Age rating: PG 

Recommended for ages: 6+ 

Moana is a film about the grief of a child. As Moana fast approaches her coming of age, where she’ll be handed leadership of her island and community, her Grandma passes away. The film shows her calling on the spirit of her Grandma during a time of trouble, and her Grandma shares her presence in the form of her spirit animal – the manta ray. But Moana also has a much more subtle representation of grief that might resound more with adult viewers. Within the film, the Lava Monster Te-Ka, actually turns out to be the peaceful goddess Te-Fiti, angry and wrathful at the loss of her “heart”. Through Te-Fiti, the film accurately presents less common ways of coping with grief, as well as disenfranchised grief, emphasising how some people need more compassion and understanding during times of loss. 

Finding Nemo 


Age rating: PG 

Recommended for ages: 6+ 

The theme of grief in Disney’s Finding Nemo tends to be lost on most children. But it plays a large role in the plot and might be a bit more obvious to any adult watching alongside their little one. The film opens with a barracuda killing clownfish Coral and all but one of her eggs. Marlin (Coral’s husband and father to the remaining egg) vows to keep his surviving child safe, becoming a severely overprotective parent. Adventure unfolds as surviving child Nemo defies his father and is abducted, leading Marlin on a rescue mission with countless twists and turns. This is the best film about grief for children that documents the importance of letting go of control and accepting that it’s impossible to completely protect someone else from harm – a difficult part of the grieving process for many of us.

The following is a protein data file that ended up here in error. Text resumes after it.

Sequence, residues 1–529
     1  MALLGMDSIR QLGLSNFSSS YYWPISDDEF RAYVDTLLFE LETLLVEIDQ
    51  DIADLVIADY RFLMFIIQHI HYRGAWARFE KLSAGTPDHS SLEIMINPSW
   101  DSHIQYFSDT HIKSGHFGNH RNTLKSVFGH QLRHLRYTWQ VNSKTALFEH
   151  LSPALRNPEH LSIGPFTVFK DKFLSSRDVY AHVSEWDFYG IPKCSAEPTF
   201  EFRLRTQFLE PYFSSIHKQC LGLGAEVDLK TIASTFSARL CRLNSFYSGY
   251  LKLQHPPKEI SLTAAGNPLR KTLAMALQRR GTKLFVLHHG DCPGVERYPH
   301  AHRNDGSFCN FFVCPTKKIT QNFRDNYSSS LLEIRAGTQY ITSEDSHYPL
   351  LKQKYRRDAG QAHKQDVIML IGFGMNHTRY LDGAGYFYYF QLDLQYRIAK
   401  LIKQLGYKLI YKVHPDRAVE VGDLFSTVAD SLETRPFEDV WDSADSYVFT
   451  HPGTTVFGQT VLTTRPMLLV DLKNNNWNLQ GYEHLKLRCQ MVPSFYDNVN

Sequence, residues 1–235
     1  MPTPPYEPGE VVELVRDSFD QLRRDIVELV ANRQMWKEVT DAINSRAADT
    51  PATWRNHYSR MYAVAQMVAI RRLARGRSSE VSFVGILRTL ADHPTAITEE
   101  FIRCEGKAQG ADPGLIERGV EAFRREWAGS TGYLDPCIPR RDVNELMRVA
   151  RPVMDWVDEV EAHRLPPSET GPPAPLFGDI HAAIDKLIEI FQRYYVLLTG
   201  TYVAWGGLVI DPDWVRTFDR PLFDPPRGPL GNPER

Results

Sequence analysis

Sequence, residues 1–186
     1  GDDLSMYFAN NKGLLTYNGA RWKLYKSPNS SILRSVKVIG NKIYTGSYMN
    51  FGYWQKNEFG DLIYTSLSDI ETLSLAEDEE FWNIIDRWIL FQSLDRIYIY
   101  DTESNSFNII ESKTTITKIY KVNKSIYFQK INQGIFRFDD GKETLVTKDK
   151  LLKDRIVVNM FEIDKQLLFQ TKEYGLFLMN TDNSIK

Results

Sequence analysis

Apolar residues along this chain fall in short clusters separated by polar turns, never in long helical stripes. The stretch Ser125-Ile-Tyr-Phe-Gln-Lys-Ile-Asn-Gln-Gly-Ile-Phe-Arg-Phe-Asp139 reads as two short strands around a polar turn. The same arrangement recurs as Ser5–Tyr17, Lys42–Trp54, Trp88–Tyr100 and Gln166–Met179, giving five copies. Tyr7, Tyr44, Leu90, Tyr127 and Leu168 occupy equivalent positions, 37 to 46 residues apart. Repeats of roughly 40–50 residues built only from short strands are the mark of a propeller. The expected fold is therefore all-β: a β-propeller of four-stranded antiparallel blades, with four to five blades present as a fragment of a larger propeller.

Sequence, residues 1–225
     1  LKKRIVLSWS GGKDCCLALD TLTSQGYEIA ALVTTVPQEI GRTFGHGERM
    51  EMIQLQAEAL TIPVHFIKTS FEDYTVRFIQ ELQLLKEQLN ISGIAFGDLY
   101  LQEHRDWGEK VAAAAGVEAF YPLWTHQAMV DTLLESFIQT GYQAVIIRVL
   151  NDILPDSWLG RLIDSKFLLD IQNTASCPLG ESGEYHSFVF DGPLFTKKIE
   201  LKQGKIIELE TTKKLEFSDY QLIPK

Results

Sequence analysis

The Bridge to Terabithia 


Age rating: PG 

Recommended for ages: 9+ 

This film about grief and loss focuses on the shared experience of two children – Jesse and Leslie. Based on the children’s book of the same name, it blends fantasy and reality, showing how children often escape to fiction and imagination to cope with difficult times, but ultimately have to face reality and will need support with their grief at this time.